"Yáʼátʼééh abiní shimá."
Translation:Good morning mother.
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The accents indicate the higher tone. No accent, lower tone.
Apostrophes are glottal stops (like the hitch in the voice between "uh" and "oh" in English's "uh-oh").
The vowels are pronounced similar to the way they would be in Spanish. A single vowel is a short vowel. A double vowel is a long vowel (literally take a little longer saying it).
A hook under a vowel means nasalize it.
The consonants are pretty close to what you'd expect, except for a few combinations (none of which are in this exercise). Slashed L is a voiceless L. "gh" is almost like a "w" sound, except it's made in the back of the mouth, not the front.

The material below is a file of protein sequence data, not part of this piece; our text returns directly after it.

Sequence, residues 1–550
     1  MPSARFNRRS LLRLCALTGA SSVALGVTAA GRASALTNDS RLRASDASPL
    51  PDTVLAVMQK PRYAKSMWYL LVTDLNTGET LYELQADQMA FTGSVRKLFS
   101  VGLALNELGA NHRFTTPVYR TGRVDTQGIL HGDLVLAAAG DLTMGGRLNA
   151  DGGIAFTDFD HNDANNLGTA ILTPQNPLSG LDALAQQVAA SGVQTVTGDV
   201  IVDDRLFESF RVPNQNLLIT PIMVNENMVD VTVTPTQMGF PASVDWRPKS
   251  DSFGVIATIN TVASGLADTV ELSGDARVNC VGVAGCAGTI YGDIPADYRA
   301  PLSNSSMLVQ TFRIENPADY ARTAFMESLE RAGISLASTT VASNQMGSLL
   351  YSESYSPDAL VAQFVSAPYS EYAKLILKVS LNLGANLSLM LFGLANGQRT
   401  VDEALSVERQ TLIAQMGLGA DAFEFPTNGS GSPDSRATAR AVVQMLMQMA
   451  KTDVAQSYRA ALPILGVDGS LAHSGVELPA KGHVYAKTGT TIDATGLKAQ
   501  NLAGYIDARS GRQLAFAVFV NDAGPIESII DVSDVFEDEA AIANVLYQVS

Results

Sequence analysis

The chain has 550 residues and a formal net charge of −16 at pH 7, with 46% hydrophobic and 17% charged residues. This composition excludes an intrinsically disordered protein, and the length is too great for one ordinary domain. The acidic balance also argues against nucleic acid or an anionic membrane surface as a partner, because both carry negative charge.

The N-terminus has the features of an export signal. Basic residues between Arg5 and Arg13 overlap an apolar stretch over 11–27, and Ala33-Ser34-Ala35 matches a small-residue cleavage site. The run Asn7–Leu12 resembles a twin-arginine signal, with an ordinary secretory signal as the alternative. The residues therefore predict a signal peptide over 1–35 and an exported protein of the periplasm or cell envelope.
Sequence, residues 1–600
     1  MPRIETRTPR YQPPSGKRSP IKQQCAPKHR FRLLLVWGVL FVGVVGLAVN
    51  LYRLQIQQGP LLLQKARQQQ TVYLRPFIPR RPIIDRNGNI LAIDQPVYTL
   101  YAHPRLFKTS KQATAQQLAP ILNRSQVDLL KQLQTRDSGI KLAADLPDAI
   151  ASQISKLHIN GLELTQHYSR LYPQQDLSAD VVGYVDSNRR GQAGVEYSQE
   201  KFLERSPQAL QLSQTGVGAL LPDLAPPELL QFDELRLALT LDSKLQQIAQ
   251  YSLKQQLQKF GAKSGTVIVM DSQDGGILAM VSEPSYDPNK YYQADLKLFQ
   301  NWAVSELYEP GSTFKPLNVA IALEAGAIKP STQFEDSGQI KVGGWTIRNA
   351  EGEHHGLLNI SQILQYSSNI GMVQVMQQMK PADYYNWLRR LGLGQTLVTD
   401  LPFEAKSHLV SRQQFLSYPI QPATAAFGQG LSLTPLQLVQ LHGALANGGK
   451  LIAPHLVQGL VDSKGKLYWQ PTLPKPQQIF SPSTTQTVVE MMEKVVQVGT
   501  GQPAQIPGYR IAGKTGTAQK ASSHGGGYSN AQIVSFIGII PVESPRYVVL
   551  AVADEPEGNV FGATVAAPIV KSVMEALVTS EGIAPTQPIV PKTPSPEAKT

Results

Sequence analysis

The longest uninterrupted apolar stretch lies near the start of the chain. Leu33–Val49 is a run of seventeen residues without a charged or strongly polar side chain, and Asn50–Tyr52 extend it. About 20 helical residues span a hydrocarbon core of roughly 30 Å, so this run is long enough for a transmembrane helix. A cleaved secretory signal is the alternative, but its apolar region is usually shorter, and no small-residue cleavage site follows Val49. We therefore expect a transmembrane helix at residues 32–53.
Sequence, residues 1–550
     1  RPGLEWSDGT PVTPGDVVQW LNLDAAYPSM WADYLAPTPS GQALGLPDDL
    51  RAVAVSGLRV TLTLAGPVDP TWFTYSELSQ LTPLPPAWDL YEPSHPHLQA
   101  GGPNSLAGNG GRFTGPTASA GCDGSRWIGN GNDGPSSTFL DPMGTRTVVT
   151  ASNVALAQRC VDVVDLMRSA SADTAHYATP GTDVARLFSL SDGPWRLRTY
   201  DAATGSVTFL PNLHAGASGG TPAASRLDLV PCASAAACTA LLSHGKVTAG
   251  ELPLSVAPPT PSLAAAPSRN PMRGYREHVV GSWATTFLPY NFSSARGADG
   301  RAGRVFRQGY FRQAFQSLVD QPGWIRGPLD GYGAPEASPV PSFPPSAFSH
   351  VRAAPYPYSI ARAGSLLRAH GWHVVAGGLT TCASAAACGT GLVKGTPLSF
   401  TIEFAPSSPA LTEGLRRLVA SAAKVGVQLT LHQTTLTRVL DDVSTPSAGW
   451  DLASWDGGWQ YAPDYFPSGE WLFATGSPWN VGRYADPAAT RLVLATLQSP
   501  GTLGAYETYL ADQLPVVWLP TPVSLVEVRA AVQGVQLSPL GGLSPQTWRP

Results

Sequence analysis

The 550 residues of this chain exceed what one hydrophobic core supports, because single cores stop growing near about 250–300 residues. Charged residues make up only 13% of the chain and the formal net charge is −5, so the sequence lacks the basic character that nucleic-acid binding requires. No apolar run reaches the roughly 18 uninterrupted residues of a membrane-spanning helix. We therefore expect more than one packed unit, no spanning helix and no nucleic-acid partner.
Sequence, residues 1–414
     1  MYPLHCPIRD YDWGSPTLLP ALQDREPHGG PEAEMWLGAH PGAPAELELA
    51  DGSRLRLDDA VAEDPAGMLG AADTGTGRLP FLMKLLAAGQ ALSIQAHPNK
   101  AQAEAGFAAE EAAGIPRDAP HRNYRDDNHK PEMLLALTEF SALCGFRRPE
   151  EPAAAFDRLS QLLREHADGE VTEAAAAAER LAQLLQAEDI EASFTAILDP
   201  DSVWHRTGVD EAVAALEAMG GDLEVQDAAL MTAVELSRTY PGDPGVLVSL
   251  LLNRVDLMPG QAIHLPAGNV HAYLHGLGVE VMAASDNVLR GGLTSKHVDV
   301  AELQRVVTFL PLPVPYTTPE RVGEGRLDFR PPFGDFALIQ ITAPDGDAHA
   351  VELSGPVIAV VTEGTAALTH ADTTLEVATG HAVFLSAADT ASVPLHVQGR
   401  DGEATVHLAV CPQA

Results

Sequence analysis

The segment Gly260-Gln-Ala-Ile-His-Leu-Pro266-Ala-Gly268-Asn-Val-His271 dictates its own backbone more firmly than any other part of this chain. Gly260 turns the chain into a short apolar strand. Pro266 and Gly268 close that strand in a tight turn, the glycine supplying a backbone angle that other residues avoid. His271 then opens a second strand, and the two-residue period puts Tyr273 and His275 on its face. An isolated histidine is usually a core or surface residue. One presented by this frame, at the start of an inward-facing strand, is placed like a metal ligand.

"Sh" is like the "sh" in "she," "zh" like the "z" in "azure," and "ch" like the "ch" in "cheese." Otherwise, h usually indicates aspiration (breathe a little at the end of yáʼátʼééh). X is also used for aspiration (so sx would be an aspirated s).
Hard consonants that we usually aspirate in English aren't aspirated in Navajo unless indicated (by an H or X).
I hope that helps a little! Once you learn all the pronunciation rules, it makes it a lot easier. Words are pronounced exactly as written.